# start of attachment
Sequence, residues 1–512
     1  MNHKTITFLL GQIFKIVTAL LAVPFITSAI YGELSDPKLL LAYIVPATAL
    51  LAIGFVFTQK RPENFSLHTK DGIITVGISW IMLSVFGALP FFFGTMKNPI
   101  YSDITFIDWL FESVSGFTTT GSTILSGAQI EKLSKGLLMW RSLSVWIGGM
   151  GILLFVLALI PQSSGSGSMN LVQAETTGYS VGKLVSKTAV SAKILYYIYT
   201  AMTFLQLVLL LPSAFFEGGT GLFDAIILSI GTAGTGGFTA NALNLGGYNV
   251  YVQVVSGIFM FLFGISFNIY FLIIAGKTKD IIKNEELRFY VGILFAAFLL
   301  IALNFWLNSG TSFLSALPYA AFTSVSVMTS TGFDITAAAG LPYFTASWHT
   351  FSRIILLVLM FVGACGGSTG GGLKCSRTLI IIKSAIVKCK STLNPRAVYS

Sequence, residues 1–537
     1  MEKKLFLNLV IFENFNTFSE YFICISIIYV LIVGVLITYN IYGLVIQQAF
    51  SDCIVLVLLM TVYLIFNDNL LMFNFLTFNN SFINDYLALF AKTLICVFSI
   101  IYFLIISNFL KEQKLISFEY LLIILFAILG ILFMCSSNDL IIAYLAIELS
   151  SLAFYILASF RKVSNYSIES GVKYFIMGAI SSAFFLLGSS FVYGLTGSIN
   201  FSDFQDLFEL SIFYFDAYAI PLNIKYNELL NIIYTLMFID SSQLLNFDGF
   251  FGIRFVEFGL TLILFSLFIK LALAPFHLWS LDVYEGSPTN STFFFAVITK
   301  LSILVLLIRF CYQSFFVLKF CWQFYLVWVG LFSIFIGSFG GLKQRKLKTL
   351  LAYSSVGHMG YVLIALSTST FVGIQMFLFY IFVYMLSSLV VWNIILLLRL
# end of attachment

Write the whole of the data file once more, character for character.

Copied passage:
Sequence, residues 1–512
     1  MNHKTITFLL GQIFKIVTAL LAVPFITSAI YGELSDPKLL LAYIVPATAL
    51  LAIGFVFTQK RPENFSLHTK DGIITVGISW IMLSVFGALP FFFGTMKNPI
   101  YSDITFIDWL FESVSGFTTT GSTILSGAQI EKLSKGLLMW RSLSVWIGGM
   151  GILLFVLALI PQSSGSGSMN LVQAETTGYS VGKLVSKTAV SAKILYYIYT
   201  AMTFLQLVLL LPSAFFEGGT GLFDAIILSI GTAGTGGFTA NALNLGGYNV
   251  YVQVVSGIFM FLFGISFNIY FLIIAGKTKD IIKNEELRFY VGILFAAFLL
   301  IALNFWLNSG TSFLSALPYA AFTSVSVMTS TGFDITAAAG LPYFTASWHT
   351  FSRIILLVLM FVGACGGSTG GGLKCSRTLI IIKSAIVKCK STLNPRAVYS

Sequence, residues 1–537
     1  MEKKLFLNLV IFENFNTFSE YFICISIIYV LIVGVLITYN IYGLVIQQAF
    51  SDCIVLVLLM TVYLIFNDNL LMFNFLTFNN SFINDYLALF AKTLICVFSI
   101  IYFLIISNFL KEQKLISFEY LLIILFAILG ILFMCSSNDL IIAYLAIELS
   151  SLAFYILASF RKVSNYSIES GVKYFIMGAI SSAFFLLGSS FVYGLTGSIN
   201  FSDFQDLFEL SIFYFDAYAI PLNIKYNELL NIIYTLMFID SSQLLNFDGF
   251  FGIRFVEFGL TLILFSLFIK LALAPFHLWS LDVYEGSPTN STFFFAVITK
   301  LSILVLLIRF CYQSFFVLKF CWQFYLVWVG LFSIFIGSFG GLKQRKLKTL
   351  LAYSSVGHMG YVLIALSTST FVGIQMFLFY IFVYMLSSLV VWNIILLLRL